Love thy neighbour

How better to improve governance than to follow a simple commandment of Jesus, starting this Easter Sunday. All the commandments of Jesus like; You shall not commit adultery, you shall not kill, you shall not steal, you shall not covet, and so on, are summed up in this single command: You must love your neighbour as yourself.

Jesus told a story to demonstrate this;  “A certain man was going down from Jerusalem to Jericho, and he fell among robbers, who both stripped him and beat him, and departed, leaving him half dead. By chance a certain priest was going down that way. When he saw him, he passed by on the other side. In the same way a Levite also, when he came to the place, and saw him, passed by on the other side. But a certain Samaritan, as he travelled, came where he was. When he saw him, he was moved with compassion, came to him, and bound up his wounds, pouring on oil and wine. He set him on his own animal, and brought him to an inn, and took care of him. On the next day, when he departed, he took out two denarii, and gave them to the host, and said to him, ‘Take care of him. Whatever you spend beyond that, I will repay you when I return.’ Now which of these three do you think seemed to be a neighbour to him who fell among the robbers?” asked Jesus.

Obviously, it had to be the Samaritan  who showed mercy. In the business world in governing and leading companies there are many such instances where a little compassion or love will make a big difference. As a leader providing guidance and coaching people to excel like you’d like to excel is wonderful. When people do something wrong or substandard, providing honest feedback so that they’ll improve is something you’d want for yourself. Without trying to belittle people better than you, you’d be better off using their strengths to complement your skills as a leader which would be a win-win situation for both and for all the people in the organization.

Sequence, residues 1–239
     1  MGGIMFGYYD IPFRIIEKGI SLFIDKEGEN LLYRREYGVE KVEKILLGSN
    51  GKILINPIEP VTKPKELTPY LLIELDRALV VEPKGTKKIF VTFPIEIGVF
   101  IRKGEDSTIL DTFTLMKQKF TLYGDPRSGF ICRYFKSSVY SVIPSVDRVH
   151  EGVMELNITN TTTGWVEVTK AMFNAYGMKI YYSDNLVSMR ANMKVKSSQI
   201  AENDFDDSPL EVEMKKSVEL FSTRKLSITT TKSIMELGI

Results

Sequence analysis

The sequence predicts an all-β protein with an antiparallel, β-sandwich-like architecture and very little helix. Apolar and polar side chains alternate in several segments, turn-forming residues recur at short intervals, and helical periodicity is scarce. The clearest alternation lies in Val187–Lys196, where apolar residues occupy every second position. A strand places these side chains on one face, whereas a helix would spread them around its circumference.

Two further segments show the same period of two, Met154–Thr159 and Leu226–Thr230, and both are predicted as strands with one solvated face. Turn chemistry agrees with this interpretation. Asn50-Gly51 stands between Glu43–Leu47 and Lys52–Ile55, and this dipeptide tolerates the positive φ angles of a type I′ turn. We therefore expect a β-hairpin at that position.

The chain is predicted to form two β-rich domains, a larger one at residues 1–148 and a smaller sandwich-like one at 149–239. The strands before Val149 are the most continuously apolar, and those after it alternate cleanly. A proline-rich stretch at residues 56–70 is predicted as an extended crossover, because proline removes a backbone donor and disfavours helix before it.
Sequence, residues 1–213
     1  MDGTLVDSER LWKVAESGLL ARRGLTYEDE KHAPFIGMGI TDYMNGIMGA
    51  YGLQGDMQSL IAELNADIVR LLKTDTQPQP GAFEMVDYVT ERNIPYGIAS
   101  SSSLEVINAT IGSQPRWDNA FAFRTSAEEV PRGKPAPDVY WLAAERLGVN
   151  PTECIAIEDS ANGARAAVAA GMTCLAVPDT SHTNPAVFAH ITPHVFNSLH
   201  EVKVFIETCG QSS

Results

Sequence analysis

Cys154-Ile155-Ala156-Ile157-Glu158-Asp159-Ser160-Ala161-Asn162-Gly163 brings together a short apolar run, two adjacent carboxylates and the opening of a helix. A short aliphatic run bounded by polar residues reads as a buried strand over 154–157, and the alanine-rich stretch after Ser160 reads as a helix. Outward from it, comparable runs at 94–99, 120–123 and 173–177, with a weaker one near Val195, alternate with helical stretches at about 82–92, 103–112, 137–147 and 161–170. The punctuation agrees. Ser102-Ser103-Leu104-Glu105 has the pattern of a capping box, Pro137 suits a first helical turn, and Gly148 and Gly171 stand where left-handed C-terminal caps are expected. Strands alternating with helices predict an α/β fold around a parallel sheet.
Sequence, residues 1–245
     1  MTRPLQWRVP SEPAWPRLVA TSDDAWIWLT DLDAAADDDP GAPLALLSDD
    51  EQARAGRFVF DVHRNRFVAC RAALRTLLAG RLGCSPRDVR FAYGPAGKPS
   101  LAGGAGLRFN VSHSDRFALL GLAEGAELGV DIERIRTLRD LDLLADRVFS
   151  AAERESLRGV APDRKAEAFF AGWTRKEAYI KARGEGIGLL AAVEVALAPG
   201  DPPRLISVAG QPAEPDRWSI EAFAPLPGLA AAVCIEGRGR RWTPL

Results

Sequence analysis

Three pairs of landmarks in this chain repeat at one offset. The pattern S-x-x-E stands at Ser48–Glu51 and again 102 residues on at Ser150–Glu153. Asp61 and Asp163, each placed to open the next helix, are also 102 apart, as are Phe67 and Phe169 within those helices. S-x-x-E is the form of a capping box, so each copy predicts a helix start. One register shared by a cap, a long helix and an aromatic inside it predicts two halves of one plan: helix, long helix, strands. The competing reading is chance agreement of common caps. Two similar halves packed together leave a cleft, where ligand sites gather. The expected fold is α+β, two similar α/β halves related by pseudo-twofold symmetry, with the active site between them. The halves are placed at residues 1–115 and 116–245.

I would like to say, doing your job to the best of your ability and helping people grow is better than being charitable with misappropriated wealth. But still there may be people who will dispute the idea. Its like the difference between having knowledge and wisdom:

Knowledge is knowing that a tomato is a fruit not a vegetable.
Wisdom is knowing not to include it in a fruit salad.

With a little bit of wisdom, we could link Corporates to the Samaritan!

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About surenraj

“Views expressed are my own”
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